Corbyn won the biggest mandate from his party of any politician in living memory. All of us on the left need to defend him.

Neil Terry, Bradford

Jeremy Corbyn’s sacking of Hilary Benn was very welcome to anti-war activists in Leeds.

Benn was heckled by activists at a recent rally for “Another Europe” in Leeds after he mentioned the word “internationalism”.

They understood, like Corbyn, that real internationalism comes from below.

It does not come from capitalist institutions such as the EU or imperialist wars championed by “Labour lieutenants of capital” such as Benn.

Christian Hogsbjerg, Leeds

Socialist Worker is absolutely correct to call for the left to get behind Jeremy Corbyn.

It is also correct to say that Corbyn should wage an open fight against his critics in the Parliamentary Labour Party (PLP).

If Corbyn is to win this battle he must appeal not only to Momentum.

He must also appeal to the wider left with a programme of fighting austerity, racism and war.

John Curtis, Ipswich

We blocked Prevent, and you can do it too

Trade unionists at Edinburgh University and Edinburgh College have made a breakthrough in opposing the racist Prevent programme.

At the university activists from the UCU and EIS union in the School of Education unanimously passed a statement at a general school meeting.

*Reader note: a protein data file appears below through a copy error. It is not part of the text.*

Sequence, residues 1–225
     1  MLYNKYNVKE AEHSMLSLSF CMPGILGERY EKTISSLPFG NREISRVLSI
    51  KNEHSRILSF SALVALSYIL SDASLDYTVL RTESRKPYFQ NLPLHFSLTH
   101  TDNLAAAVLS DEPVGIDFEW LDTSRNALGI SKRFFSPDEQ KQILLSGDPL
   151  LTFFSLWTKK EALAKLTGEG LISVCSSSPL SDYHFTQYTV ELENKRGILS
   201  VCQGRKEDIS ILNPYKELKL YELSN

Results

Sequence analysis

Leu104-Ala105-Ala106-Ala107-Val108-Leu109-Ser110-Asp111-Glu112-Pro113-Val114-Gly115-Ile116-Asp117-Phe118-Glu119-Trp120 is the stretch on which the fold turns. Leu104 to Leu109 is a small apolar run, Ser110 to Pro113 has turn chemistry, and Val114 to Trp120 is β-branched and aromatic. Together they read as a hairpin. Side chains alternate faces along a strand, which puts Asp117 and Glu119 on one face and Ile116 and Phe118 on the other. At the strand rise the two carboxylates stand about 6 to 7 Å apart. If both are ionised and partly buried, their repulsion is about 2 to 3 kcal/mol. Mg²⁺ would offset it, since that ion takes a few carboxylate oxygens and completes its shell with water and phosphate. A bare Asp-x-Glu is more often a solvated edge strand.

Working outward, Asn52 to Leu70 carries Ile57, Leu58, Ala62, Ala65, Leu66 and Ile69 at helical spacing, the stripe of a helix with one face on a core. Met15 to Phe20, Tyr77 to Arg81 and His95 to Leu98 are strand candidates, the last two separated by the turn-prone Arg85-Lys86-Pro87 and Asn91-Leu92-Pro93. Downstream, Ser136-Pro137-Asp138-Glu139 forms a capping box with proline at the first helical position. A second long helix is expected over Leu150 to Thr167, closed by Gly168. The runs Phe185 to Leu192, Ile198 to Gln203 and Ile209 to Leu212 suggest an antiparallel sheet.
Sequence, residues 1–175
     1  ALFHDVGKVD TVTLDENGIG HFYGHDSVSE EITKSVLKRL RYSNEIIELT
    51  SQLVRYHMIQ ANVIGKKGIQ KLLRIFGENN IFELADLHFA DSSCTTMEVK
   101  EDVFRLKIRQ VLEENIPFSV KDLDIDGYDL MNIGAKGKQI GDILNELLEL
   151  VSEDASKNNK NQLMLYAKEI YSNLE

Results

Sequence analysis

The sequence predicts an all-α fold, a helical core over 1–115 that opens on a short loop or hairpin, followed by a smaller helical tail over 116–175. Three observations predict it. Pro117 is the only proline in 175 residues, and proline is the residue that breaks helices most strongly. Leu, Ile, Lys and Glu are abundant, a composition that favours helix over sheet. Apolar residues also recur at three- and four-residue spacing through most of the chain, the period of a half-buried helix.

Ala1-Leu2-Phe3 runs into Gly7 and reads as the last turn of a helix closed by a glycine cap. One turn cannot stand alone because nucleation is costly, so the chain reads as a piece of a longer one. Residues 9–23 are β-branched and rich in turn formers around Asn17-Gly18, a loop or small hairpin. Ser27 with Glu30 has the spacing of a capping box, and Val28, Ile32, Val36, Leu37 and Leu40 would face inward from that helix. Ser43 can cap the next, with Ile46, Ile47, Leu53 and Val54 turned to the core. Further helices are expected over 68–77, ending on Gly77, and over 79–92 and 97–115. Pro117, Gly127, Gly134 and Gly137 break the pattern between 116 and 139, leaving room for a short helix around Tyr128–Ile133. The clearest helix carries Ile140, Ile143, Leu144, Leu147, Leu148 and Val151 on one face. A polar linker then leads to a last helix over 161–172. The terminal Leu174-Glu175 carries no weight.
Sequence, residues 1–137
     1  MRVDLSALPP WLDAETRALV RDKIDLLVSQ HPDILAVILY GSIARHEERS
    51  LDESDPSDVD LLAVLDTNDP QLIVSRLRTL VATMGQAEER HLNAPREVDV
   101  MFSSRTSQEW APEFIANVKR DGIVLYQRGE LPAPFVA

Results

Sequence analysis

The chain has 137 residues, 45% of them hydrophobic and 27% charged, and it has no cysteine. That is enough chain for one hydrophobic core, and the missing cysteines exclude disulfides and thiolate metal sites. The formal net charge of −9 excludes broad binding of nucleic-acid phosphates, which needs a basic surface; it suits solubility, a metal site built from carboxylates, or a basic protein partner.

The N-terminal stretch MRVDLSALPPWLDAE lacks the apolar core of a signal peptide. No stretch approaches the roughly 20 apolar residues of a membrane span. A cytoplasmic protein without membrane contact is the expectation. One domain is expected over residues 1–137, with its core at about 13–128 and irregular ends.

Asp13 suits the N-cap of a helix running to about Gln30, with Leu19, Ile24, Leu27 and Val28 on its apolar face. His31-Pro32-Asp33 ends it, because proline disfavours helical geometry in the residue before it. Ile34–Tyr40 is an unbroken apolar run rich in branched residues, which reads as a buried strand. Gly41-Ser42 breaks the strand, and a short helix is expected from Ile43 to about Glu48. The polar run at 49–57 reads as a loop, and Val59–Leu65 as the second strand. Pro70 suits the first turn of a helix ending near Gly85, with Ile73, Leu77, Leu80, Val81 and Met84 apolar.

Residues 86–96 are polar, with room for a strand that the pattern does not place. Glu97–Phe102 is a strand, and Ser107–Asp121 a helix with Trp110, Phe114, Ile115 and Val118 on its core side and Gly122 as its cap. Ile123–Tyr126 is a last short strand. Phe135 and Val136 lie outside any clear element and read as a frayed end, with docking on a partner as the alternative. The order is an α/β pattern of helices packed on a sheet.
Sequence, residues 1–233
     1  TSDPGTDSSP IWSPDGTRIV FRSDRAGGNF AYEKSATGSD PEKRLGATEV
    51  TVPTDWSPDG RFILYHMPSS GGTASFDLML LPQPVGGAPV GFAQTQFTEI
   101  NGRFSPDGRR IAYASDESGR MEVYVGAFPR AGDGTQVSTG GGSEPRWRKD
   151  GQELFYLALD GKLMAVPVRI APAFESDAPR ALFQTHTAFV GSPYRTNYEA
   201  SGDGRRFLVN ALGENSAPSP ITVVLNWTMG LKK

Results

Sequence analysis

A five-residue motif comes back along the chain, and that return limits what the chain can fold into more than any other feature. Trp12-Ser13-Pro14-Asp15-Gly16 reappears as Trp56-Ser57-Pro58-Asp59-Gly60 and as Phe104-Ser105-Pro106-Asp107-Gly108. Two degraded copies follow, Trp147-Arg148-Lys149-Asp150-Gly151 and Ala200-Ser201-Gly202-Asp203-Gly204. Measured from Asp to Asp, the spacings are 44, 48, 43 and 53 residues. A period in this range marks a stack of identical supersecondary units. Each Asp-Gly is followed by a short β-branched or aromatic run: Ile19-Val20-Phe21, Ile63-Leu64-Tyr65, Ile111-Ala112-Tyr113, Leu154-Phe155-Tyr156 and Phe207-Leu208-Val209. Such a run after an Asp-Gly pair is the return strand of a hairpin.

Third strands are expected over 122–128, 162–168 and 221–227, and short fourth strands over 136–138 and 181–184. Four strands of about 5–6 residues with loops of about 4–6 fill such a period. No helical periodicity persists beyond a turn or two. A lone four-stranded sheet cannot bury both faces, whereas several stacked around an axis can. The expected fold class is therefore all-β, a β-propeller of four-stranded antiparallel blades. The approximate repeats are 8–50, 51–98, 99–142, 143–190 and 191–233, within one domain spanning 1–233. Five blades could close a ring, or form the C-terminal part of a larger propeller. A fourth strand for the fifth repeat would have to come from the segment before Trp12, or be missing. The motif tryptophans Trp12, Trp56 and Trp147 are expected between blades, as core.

It called on the university to refuse to implement Prevent and declared that training will not take place in the School of Education.

It also mandates the Head of School to campaign against Prevent within the university.

Activists intend to build on this by working with colleagues in other schools to take similar action.

In Edinburgh College mass meetings across all campuses have voted overwhelmingly against the introduction of Prevent training.

This had been scheduled for June and has now been dropped.

Penny Gower, Edinburgh

The state hasn’t stopped the struggle in France

The French government is in crisis. It was elected on a left wing basis four years ago.

Yet it has ridden roughshod over its supporters’ aspirations, most recently with its new Work Law.

Millions of workers have struck and marched over the past three months against the law.

Their resistance has met rising repression.